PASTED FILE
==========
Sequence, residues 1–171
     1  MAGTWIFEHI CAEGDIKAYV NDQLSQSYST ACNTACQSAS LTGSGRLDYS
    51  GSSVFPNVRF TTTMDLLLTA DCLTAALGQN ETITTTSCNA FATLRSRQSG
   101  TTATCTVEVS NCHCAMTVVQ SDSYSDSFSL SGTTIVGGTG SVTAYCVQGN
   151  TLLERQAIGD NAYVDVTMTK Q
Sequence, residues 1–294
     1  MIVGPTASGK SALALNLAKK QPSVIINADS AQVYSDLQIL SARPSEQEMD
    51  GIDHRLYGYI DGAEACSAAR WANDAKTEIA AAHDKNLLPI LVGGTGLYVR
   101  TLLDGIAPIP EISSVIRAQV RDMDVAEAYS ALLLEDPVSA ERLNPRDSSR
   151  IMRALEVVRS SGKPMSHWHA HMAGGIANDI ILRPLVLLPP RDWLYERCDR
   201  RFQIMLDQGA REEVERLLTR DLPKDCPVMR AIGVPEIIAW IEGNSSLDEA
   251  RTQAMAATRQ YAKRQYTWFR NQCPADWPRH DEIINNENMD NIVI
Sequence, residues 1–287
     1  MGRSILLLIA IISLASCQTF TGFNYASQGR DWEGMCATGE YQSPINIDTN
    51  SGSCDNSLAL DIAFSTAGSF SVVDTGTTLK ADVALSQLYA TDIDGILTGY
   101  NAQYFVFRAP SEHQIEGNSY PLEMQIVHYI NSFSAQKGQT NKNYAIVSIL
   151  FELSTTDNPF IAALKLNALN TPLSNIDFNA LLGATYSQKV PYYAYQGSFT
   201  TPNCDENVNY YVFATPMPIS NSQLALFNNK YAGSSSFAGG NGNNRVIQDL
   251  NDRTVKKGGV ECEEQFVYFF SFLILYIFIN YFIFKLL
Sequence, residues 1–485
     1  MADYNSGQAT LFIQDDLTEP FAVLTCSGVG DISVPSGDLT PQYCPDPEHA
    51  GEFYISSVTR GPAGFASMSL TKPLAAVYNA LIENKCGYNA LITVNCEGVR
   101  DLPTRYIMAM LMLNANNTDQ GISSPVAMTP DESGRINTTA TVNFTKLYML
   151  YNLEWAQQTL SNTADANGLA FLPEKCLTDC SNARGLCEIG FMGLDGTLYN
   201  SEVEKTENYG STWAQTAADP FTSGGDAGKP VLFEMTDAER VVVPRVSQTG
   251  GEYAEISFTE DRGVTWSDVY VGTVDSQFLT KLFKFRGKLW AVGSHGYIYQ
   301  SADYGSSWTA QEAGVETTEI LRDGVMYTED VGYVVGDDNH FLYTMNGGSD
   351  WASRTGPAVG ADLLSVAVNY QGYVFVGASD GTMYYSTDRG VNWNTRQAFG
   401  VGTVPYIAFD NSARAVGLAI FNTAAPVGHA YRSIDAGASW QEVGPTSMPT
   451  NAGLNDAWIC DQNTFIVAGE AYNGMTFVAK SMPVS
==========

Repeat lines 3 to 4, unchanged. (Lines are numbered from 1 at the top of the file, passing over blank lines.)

    51  GSSVFPNVRF TTTMDLLLTA DCLTAALGQN ETITTTSCNA FATLRSRQSG
   101  TTATCTVEVS NCHCAMTVVQ SDSYSDSFSL SGTTIVGGTG SVTAYCVQGN